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NASA rover to search for water on Moon, help astronauts "live off the land"

Illustration of NASA's Volatiles Investigating Polar Exploration Rover, or VIPER, on the surface of the Moon. NASA awarded the nearly $200 million VIPER contract to Astrobotic, a Pittsburgh-based company.

DANIEL RUTTER/NASA

By CHRISTIAN DAVENPORT | The Washington Post | Published: June 11, 2020

NASA announced Thursday it is hiring a private company to send a golf-cart-size rover to the surface of the moon in 2023 that would roam the lunar south pole in search of water.

The move comes as the space agency is ramping up its effort to return astronauts to the lunar surface by 2024, a schedule that is considered a long shot by many. But the landing of NASA's VIPER rover would be a significant step toward that goal, helping the space agency decide what regions astronauts should explore and how much life-sustaining water there is beneath the lunar surface, NASA officials said.

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NASA awarded the contract, worth nearly $200 million, to Astrobotic, a Pittsburgh-based company, as part of a program to hire private-sector companies to deliver cargo and science experiments to the lunar surface. Unlike the Apollo missions, where astronauts visited the moon and then returned home, NASA is now working toward creating a permanent presence there under a program it calls Artemis, complete with systems that would help astronauts "live off the land."

The delivery service "is going to provide a steady cadence of payloads and instruments to maximize science at the moon and to advance exploration technology," said Thomas Zurbuchen, NASA's associate administrator for the science mission directorate. "An important part of this work is to find out where the water is on the moon and how much of it there is."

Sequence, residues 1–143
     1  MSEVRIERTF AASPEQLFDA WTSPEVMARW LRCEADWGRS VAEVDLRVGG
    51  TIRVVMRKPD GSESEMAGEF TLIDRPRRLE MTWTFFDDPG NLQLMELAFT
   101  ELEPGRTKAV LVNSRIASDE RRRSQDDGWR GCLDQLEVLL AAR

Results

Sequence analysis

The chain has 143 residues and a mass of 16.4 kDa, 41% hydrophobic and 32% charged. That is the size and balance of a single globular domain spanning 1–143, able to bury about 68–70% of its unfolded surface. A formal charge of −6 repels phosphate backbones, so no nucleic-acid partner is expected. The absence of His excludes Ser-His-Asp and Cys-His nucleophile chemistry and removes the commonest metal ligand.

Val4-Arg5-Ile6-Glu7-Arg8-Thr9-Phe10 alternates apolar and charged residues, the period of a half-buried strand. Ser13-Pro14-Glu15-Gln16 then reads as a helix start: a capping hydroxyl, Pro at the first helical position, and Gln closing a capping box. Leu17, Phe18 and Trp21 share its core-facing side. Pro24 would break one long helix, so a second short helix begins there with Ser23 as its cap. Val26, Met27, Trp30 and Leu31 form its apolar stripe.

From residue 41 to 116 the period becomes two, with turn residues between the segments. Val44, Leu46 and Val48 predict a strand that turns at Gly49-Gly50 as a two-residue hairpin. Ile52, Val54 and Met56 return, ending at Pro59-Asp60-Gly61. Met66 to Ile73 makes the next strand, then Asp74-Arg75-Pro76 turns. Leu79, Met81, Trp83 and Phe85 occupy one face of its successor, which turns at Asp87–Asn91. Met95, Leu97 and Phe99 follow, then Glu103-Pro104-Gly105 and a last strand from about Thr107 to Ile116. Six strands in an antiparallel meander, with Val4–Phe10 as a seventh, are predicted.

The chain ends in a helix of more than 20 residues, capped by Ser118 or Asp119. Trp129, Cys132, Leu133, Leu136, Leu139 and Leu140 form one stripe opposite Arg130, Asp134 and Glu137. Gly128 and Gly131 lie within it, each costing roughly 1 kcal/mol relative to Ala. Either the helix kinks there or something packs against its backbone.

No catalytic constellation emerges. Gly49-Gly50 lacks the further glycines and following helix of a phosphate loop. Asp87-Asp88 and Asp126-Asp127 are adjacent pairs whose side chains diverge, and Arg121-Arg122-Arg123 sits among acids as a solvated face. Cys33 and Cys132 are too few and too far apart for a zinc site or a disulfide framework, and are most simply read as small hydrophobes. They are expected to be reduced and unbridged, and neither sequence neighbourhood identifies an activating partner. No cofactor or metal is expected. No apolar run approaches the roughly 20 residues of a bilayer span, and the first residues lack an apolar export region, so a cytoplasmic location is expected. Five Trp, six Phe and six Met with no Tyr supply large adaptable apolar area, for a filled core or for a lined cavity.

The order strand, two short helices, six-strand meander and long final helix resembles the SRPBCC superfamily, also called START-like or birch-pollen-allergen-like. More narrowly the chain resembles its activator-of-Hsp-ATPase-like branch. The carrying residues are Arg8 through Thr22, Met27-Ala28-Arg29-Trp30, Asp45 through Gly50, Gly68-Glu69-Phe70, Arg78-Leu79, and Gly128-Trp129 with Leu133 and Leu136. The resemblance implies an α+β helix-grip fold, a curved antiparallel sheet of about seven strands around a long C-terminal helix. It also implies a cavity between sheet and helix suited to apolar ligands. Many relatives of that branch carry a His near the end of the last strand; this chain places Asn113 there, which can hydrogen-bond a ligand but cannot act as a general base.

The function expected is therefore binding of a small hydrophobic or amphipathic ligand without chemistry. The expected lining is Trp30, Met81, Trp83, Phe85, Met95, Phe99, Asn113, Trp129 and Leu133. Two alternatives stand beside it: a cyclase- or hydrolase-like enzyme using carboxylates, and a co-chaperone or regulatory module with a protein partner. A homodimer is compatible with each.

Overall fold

The contract is another sign of how the space agency is continuing to outsource major efforts of its exploration program to the private sector. For years, it has relied on a pair of private companies, SpaceX and now Northrop Grumman, to bring cargo and supplies to the International Space Station. Last month, SpaceX also launched two NASA astronauts to the station for the first flight of humans to orbit from U.S. soil since the space shuttle was retired in 2011.

"Commercial partners are changing the landscape of space exploration, and VIPER is going to be a big boost to our efforts to send the first woman and next man to the lunar surface in 2024 through the Artemis program," NASA Administrator Jim Bridenstine said in a statement.

For years, the moon was believed to be bone dry. But a decade ago, NASA discovered that water in the form of ice exists, especially in the permanently shadowed craters of the south pole of the moon.

The discovery was heralded as a breakthrough that is significant for further exploration. Water not only is important to sustain life as a liquid to drink, but when broken into its components — hydrogen and oxygen — it also could be used as air to breathe.

Those elements could also be used as rocket fuel, allowing for exploration further into space, including to Mars, officials hope.

VIPER, an acronym for Volatiles Investigating Polar Exploration Rover, is a 1,000-pound rover that would roam over an area of several miles for about 100 days, officials said. It would be outfitted with sensors capable of detecting ice below the surface and a drill able to excavate samples as deep as one meter (a little over three feet) down. It also could determine the composition and concentration of the water.

"We need to know how deep it is," said Clive Neal, professor of civil and environmental engineering at earth sciences at the University of Notre Dame. "We don't know it's in the top layer or if it's deep in the soil or the regolith [rocky layer]. We need that ground truth." He said VIPER's discoveries would help determine where NASA should set up "base camps in terms of being close to resources like life support and rocket fuel."

Discovering water on the moon is not just a scientific breakthrough. It also could help open up economic markets in deep space by essentially turning the moon into a gas station in space.

"The discovery of water ice at the poles is potentially a massive breakthrough for commercial opportunities in space because we can turn that water into rocket fuel," said John Thornton, Astrobotic's CEO. "The moon can become a destination for refueling our spacecraft to explore the moon and maybe even go further into space."

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